Taking a gap year after college doesn’t always mean frolicking with baby elephants in Thailand or tanning in Bali. Sometimes it means getting utterly lost or realizing too late that the toilet paper in Korean bathrooms is located outside of the stall.
It means realizing that, in fact, some Korean bathrooms don’t have toilet paper at all.
But other times it means kindling new friendships — with people from South Africa, Australia, Korea, and all over the world. It means exploring with them in cat cafes and nameless restaurants. It means saying, “See you soon,” and adventuring alone to discover something new about yourself.
And so, I ask you to consider my counsel: take a gap year.
Before I even graduated college, I was terrified. I was terrified of committing to a 9-to-5 job I didn’t love; of going to grad school “just because;” of saying goodbye to my cozy apartment. But what I was most terrified of was not becoming the person I wanted to be.
Who was that person? At first, I wasn’t so sure. I approached the question from a career angle. I’ve always loved English, but should I pursue journalism, advertising, or something else entirely? I wasn’t ready to commit.
So, I approached the question from a different angle — the character angle. And as much as I am horrified to sound like the plot of an “ABC Afterschool Special,” I wanted to be all of the cliches: the kind of friend I’d want to have, a strong-willed spirit, a brave adventurer. And the best way to become a “better me” was to push myself to my limits.
My limits were 7,561 miles away.
After researching the best programs to teach English abroad, I applied to EPIK (English Program in Korea). I told family that I settled on Seoul because I could save money, experience a new culture, and build my resume with teaching experience. This was true.
But, plainly, the reasoning followed the decision. In hindsight, I could have justified going almost anywhere and doing almost anything. I could have moved to Maryland to save the crabs or I could have couch-surfed through California. What was most important was that I made a decision instead of being paralyzed by fear and uncertainty.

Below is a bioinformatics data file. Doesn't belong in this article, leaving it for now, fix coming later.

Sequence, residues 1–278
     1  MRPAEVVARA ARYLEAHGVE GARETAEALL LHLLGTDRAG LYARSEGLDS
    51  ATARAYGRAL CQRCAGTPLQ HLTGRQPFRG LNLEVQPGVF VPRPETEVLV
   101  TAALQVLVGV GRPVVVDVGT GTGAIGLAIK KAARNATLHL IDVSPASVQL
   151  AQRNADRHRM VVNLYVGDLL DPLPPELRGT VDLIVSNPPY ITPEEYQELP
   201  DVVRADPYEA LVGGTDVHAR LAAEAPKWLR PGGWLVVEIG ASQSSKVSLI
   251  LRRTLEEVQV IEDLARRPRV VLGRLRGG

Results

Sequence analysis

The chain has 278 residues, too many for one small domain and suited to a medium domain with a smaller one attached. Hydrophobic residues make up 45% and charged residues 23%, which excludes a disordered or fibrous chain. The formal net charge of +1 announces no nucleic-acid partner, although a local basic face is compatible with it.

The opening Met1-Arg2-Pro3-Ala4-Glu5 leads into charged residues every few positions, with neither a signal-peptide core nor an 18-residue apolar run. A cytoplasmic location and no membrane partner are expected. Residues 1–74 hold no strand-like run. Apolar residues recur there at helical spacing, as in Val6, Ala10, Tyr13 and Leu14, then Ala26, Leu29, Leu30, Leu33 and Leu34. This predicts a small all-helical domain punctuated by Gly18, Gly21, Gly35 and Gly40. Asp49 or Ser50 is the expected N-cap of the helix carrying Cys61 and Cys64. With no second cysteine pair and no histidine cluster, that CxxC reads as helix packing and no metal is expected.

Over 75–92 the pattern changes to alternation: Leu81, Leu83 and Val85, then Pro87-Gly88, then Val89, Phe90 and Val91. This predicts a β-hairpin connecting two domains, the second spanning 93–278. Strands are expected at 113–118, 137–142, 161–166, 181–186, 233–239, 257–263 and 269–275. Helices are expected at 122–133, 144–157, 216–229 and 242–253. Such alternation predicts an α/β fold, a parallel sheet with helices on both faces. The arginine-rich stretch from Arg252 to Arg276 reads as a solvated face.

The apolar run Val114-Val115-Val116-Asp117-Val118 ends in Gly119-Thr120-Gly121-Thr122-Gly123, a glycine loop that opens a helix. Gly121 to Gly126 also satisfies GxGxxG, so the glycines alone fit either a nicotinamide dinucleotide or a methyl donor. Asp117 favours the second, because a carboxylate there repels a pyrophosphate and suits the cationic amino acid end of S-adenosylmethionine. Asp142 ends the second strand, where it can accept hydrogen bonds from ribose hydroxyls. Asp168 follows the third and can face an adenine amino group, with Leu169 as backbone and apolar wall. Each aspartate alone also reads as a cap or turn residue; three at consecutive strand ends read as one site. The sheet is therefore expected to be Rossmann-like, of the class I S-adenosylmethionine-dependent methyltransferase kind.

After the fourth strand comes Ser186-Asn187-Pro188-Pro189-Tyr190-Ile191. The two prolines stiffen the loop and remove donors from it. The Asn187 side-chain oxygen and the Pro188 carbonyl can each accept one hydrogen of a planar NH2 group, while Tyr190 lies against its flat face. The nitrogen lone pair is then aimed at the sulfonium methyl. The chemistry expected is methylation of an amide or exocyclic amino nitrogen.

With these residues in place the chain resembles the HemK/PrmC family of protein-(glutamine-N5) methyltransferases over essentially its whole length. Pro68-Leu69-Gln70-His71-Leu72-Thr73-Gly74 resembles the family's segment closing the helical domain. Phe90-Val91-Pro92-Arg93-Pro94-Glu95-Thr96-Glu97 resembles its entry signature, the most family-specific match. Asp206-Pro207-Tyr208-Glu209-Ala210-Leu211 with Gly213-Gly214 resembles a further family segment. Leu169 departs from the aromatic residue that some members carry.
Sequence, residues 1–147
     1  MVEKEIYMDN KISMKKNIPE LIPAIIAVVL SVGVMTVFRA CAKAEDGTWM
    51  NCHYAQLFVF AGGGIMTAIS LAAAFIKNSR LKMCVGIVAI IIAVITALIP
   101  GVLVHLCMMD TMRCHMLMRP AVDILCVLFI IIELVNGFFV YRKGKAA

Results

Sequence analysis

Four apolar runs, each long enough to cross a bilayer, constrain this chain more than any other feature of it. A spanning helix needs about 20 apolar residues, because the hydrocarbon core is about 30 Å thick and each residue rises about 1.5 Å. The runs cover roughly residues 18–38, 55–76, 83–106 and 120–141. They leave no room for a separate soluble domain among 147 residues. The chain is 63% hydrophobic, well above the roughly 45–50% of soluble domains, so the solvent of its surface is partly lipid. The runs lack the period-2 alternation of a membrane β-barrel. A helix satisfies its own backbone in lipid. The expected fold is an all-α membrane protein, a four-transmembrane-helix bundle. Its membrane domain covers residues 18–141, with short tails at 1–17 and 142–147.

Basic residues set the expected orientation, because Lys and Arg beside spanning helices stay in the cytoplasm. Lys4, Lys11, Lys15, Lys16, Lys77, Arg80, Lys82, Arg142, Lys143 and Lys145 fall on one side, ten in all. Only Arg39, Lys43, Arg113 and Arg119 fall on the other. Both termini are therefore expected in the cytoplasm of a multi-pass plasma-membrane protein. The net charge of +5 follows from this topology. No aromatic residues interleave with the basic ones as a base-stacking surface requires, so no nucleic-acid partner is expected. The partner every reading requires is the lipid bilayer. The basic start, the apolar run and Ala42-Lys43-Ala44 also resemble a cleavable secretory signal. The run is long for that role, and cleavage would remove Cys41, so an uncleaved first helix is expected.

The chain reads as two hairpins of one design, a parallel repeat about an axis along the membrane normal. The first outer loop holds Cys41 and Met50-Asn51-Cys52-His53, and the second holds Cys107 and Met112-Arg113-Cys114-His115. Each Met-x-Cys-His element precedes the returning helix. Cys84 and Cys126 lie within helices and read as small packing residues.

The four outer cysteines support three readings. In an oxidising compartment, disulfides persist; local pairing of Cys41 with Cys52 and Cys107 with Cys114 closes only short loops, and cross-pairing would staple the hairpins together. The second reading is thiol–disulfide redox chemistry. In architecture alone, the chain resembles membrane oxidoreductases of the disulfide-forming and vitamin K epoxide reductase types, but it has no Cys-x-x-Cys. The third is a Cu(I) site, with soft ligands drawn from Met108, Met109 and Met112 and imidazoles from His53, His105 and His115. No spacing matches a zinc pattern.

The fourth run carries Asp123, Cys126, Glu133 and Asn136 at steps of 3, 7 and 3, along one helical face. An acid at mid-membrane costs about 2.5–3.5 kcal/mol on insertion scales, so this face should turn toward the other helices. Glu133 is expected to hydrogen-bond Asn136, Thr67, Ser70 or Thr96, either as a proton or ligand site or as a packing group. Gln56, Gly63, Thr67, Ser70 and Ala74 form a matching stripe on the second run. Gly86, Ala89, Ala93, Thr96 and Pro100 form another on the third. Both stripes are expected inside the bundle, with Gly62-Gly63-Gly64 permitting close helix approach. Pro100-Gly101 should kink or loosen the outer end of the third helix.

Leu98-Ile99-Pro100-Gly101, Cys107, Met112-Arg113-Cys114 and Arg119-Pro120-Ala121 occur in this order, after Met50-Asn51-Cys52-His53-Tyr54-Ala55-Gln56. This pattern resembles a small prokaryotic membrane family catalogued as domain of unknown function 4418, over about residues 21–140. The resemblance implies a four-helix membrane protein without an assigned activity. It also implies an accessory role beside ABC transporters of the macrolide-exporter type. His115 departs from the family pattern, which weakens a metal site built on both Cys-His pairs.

And I urge you to do the same. Throw a dart at a map, make a list, talk it over with your friends, your grandfather, your cat.
Just do something your heart smiles about.
Keep in mind, though, that your decision might not make your family smile. They might have some concerns. The smoothest way to tackle the “gap year talk” is to prepare a list of possible downfalls and how you might best overcome them.
Preparing this list can also highlight your own concerns. For example, you might worry about spending too much during your gap year, especially if you have student loans. Or you might decide traveling “isn’t your thing.”
That’s OK, too. A gap year doesn’t have to be glamorous or Instagram-worthy. Consider volunteering through a church that offers housing and a food stipend. Or perhaps take a year “off” to work part-time at a local shop and work part-time on your passions.
A gap-year also doesn’t have to be long. If you’re more interested in taking a gap half-year, or even a gap month, don’t let the wording stop you. “Gap year” just has more of a ring to it than “gap undetermined-amount-of-time.”
There is, however, one important rule: You must use the time to challenge yourself. So that, even if at the end of your gap time you’ve worn holes in your shoes or heart, you can say you’ve learned something about yourself.
My future is still fuzzy, but I’ve enjoyed teaching so much that I’m considering teaching in the U.S. And while the person I want to be is still in the making, I’ve learned a lot in the past gap year.
I’ve learned that I’m not much of a hiker, so my adventuring is done best secondhand through reading books. I’ve learned that some friends come and go, and that’s OK. But I’ve also learned that life is so much sweeter with my best friend by my side. I’ve learned I’m fantastic at faking being a grown up and that I don’t have to have life figured out in my 20s.
And I’ve learned to always carry a bit of toilet tissue in my back pocket.